Democrat Charlie Crist left the primary gate boosted by a $1.5 million cash haul in late August as the National Education Association and the Democratic Governor’s Association each gave his “Charlie Crist for Florida” committee hefty checks for $500,000.
By contrast, Republican Gov. Rick Scott’s political campaign, Let’s Get to Work, scored only $127,410 for the week ending Aug. 29 as the conservative billionaire Koch brothers wrote the committee the largest check of the period -- $25,000, according to reports filed at the Florida Division of Elections.
But Scott’s contributions to his political campaign during that period outpaced Crist’s as the governor raised $709,178 to Crist’s $272,682.
That brings the totals for both candidates – both political committees and campaigns – to $43.3 million for Scott and $28.6 million for Crist. Scott has spent proportionately more than Crist, however -- $28.3 million to Crist’s $11.6 million – as the Republican has loaded the airwaves with a barrage of heavy-hitting attack ads, forcing Crist to attack back.
The cash-on-hand numbers at this point, however, is where they are more evenly matched. Scott has $15 million in the bank and Crist has $11.6 million.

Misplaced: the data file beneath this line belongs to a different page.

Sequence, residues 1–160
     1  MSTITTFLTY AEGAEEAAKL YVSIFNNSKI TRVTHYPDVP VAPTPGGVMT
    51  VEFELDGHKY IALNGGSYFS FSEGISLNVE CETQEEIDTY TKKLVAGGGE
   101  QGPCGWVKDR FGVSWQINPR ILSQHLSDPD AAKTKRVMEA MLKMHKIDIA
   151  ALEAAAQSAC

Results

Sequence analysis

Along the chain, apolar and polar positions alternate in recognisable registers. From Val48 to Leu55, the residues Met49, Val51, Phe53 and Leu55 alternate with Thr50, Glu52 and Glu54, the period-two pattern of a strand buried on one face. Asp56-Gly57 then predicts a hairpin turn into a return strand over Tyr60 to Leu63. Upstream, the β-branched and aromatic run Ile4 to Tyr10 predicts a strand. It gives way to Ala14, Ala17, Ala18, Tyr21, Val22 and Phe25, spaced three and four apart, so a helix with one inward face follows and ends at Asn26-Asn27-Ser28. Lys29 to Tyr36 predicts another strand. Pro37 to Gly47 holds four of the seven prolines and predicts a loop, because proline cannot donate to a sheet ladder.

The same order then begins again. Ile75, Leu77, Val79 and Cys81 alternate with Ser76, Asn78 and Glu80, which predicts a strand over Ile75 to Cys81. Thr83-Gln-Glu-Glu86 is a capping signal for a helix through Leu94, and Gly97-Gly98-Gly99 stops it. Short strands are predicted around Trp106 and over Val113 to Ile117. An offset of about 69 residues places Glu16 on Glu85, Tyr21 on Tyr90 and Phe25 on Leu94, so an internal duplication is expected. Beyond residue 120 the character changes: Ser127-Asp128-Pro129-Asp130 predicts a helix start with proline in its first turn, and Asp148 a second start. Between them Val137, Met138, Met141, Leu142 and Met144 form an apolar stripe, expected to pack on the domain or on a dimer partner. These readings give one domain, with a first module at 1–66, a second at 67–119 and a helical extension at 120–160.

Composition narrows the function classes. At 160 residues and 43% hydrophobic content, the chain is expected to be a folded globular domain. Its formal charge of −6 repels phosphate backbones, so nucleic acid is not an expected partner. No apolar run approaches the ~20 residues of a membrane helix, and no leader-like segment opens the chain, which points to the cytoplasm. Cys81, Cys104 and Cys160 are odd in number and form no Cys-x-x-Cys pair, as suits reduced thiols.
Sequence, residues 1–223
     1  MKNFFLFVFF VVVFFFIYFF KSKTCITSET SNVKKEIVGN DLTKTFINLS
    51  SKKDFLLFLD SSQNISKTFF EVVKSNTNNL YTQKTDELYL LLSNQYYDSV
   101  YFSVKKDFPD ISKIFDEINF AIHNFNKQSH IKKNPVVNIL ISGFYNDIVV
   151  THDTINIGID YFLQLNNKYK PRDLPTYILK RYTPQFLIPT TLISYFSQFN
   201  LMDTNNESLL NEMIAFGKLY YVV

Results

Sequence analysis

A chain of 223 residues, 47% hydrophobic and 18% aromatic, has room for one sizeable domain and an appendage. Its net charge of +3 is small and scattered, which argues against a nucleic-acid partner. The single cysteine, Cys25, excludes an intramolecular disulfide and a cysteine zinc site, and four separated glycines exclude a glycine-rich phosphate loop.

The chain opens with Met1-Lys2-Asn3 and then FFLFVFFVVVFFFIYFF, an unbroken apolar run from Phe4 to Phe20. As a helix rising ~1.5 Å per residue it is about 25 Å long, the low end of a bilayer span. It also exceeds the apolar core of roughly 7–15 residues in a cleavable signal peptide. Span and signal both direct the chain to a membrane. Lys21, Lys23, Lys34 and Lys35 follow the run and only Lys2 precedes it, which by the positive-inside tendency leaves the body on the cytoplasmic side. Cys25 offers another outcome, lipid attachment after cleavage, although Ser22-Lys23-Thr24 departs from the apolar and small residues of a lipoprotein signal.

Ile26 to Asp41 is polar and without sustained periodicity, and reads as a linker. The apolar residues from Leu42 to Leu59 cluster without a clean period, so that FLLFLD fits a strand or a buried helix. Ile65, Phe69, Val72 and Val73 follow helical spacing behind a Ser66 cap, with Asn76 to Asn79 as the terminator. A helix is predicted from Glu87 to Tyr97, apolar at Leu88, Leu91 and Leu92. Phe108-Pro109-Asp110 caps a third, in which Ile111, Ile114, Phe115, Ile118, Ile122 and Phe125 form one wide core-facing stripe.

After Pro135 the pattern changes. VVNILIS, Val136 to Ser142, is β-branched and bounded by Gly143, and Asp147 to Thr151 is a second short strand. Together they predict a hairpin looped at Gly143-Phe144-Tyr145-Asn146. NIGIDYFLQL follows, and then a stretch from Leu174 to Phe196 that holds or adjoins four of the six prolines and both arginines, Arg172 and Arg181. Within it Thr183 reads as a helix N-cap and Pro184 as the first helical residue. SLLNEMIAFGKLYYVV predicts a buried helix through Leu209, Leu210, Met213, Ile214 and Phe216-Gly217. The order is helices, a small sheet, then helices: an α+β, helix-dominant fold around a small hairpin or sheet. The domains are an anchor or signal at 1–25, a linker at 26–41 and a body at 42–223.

While the Democratic Governor's Association money brings the total from that organization to $2 million this cycle, the union money flowing to Crist is the real story this week, however. Scott has spent considerable capital, time and television buys in a calculated effort to walk back many of his early policy decisions on education and to soft-pedal his position on Common Core.
But the check from most powerful teacher’s union in the nation is a signal that the teachers groups are still targeting Scott. The money came a week before a visit to Florida from Lily Eskelsen Garcia, the newly-elected head of the organization in which she proclaimed that they were prepared to help Crist in their quest to "get rid of toxic testing." Her 12-hour tour started in the Keys and continued with visits to AllapattahMiddle School and HialeahHigh School in Miami-DadeCounty. Crist and Florida Education Association officials were at her side.
Scott’s committee lists $314,000 in contributions from educators and those self-identified as in education and most of it is from for-profit colleges and charter schools. Until now, Crist’s education contributions were barely noticeable, as the Florida teachers union steered money to the Democratic Party instead of getting involved in the primary.
Photo: Associated Press